Dear Joyce: In this “anyone can get a job” market, how can I get a better job? And, as the economy is sure to cool off at some point, what should I be doing in my career in anticipation of the days when it won’t be so easy to find a good job?
It’s resolution time again. With a new millennium closing in, the century-closing mandate to proclaim sage promises is inescapable. Use these New Year’s resolutions to thrive in the new century.
– Resolve: Work at Something I Like. A recent study of older people by researcher Kelly M. Everard of Washington University School of Medicine in St. Louis reports that merely keeping busy is not the key to successful aging we once thought. “Enjoyment” is the ingredient earlier literature missed. So I’ll enjoy what I’m busy at. If my job makes me overly stressed, depressed or ill, I’m gone.
– Resolve: Work at Peak Performance. Being the “best in the business” always pays off , any year, any century, any millennium. I’ll aim for positive results I can measure, solve problems, find better ways to work. Being the best not only cements my employability , it strokes my self-esteem.
– Resolve: Work at Visibility. I’ll make sure others know about my superior accomplishments with conscious visibility tactics, such as office memos, professional-organization activities and contributions to professional media , newsletters, trade journals and Internet forums.
– Resolve: Work at Being Connected. I will use E-mail to become a masterful online networker , personal networks are both fun and career insurance policies. Plus, I will hone my digital communications skills to be seen as competent as increasing numbers of workers collaborate by E-mail and videoconferencing. I will work to develop a working relationship with senior managers; if I am in a branch office or overseas, I will devise ways to avoid being out of sight, out of mind.
– Resolve. Work at Skills Expansion. I will commit to ongoing learning. I want command of the job market and I am willing to meet the new workplace’s demand for greater individual accountability. Learning takes many forms, including distance education, seminars, formal on-the-job training, books and trade magazines, Web tutorials and E-newsletters, software packages, mentors, campus college courses, professional development conferences or technology tutoring. If a credential is valuable in my line of work, I resolve to earn it.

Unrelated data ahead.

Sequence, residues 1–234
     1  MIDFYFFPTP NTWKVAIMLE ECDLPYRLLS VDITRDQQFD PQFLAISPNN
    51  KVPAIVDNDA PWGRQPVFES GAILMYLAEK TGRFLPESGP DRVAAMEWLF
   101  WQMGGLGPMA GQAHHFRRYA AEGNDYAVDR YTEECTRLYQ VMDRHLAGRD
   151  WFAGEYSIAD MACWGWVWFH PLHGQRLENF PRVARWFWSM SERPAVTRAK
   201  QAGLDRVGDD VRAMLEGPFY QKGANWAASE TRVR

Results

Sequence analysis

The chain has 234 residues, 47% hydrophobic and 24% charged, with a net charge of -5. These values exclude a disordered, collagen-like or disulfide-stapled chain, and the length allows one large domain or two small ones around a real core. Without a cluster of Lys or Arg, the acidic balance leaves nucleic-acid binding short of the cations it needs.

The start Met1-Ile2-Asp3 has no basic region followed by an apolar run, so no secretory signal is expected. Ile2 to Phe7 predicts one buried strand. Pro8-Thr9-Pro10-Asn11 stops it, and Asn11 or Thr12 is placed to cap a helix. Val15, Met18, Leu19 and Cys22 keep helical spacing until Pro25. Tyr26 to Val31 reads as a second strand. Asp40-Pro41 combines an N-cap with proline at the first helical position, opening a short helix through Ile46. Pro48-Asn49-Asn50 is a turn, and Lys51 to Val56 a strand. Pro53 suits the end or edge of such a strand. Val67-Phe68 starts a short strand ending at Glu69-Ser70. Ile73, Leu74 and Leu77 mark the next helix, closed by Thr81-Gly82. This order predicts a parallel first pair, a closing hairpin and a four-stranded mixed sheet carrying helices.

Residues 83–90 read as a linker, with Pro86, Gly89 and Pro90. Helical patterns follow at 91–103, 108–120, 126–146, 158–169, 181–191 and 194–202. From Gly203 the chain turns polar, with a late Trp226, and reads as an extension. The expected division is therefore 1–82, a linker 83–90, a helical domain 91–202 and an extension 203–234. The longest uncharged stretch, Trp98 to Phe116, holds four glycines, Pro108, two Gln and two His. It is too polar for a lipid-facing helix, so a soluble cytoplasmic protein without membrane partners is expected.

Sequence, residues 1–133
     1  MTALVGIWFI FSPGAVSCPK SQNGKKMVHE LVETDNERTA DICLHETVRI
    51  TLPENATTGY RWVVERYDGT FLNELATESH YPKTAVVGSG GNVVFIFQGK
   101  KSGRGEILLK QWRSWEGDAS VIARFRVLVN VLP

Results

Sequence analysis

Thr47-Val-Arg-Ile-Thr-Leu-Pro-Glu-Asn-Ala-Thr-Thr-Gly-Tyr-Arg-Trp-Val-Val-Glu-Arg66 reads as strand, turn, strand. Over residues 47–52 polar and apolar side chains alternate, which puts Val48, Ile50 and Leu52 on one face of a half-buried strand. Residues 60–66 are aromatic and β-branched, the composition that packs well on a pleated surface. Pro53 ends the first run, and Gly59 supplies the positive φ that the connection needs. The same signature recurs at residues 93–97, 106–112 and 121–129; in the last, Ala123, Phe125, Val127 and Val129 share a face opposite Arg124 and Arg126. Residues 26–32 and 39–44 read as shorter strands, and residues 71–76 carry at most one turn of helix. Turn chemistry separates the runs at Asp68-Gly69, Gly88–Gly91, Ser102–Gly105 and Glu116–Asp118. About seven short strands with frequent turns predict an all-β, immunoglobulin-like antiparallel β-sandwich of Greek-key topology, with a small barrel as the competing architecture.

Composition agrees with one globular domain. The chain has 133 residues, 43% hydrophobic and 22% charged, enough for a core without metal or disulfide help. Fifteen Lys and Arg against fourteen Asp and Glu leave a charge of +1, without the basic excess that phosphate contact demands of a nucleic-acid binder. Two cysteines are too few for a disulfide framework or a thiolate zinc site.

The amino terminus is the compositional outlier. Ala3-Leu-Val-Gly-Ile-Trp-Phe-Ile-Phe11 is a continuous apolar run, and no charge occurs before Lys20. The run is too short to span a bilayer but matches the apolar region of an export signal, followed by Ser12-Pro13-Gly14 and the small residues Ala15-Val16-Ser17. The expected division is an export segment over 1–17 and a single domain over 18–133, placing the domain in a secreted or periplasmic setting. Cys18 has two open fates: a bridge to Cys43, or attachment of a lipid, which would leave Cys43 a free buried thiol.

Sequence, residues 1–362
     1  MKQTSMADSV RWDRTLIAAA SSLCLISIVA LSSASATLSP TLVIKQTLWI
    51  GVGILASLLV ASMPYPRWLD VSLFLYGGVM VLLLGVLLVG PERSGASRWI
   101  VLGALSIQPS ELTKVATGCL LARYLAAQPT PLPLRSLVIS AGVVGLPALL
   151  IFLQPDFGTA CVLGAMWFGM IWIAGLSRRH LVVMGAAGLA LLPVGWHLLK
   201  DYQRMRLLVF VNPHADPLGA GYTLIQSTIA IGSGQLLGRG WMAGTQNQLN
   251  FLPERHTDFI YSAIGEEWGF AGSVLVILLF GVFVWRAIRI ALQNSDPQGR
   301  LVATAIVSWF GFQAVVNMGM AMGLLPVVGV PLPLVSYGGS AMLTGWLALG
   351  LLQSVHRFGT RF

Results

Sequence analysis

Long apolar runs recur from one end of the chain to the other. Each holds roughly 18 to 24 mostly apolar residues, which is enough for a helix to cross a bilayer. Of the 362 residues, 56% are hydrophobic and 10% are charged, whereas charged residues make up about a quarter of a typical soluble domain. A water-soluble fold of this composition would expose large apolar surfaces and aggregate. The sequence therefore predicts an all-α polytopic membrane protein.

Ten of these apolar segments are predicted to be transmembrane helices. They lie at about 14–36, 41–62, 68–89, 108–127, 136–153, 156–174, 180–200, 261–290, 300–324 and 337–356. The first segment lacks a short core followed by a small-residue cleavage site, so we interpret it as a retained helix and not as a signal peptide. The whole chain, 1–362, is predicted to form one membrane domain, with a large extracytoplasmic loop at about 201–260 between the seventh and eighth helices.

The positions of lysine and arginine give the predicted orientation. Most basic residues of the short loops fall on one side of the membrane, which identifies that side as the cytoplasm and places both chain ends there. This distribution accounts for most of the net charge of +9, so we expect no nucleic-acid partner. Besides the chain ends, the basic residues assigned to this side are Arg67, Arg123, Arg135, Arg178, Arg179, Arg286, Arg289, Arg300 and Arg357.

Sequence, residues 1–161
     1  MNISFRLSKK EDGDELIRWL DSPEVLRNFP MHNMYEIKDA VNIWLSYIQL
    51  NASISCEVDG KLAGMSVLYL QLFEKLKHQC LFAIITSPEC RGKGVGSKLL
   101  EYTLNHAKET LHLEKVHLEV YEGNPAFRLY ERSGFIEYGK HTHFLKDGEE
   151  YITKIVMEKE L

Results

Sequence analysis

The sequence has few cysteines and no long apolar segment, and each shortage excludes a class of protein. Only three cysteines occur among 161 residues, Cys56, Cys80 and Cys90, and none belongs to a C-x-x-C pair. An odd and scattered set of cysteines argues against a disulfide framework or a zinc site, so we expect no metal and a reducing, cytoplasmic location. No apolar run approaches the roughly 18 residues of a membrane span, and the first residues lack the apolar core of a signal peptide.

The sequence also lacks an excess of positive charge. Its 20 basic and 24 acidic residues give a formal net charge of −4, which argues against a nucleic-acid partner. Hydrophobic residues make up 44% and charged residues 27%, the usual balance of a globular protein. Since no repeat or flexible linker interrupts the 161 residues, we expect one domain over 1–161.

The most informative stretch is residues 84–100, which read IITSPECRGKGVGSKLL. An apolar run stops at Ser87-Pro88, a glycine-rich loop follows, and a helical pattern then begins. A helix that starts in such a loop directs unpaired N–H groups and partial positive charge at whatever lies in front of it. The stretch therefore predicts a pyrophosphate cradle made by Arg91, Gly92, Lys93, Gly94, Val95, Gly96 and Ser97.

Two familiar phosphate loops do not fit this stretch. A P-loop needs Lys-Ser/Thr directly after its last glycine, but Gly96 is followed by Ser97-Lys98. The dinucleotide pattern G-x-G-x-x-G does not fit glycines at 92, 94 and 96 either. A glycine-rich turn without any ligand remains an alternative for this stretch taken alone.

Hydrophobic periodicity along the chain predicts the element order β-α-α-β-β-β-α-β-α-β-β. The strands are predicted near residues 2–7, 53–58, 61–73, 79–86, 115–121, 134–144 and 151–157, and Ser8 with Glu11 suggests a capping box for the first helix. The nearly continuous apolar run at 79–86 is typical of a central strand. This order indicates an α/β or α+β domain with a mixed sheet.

– Resolve. Work at Career Management. I will develop a career plan to maximize my control over my destiny. I don’t consider my plan set in concrete, but I do believe that focusing on my direction , with frequent, regularly scheduled validations , will position me to spot and seize appropriate opportunities and to avoid career-killing detours. If I am in an age-impacted field, such as sports or computer programming, I will anticipate future problems and formulate options.
– Resolve. Work to Know My Value. I will remain constantly aware of my market value so I don’t sell my qualifications too cheaply. I will keep track of my accomplishments and monitor salary scales in my function, locale and industry. I will attempt to learn salary ranges in my company. I will stay abreast of trends in my industry and career field, making sure I am not slipping behind in any important way.
– Resolve. Work Productively With My Boss. I will work only for a manager who treats me fairly and with respect. If this is impossible, I will find another job and leave.
– Resolve. Work Well With Colleagues. I will treat my co-workers with respect. If I find myself embroiled in conflict, I will seek conflict-management guidance , reading books or finding information on the Internet , on how to bridge differences in such a way that all parties can continue to work productively together. I will carry personality issues to management only as a last resort.
– Resolve. Work at Becoming a Talented Job Hunter. I refuse to stay stuck in the wrong job because I don’t understand how to get to a better place.
E-mail career questions for possible use in this column to Kennedy at (firstname.lastname@example.org).
& #352; 2000, Los Angeles Times Syndicate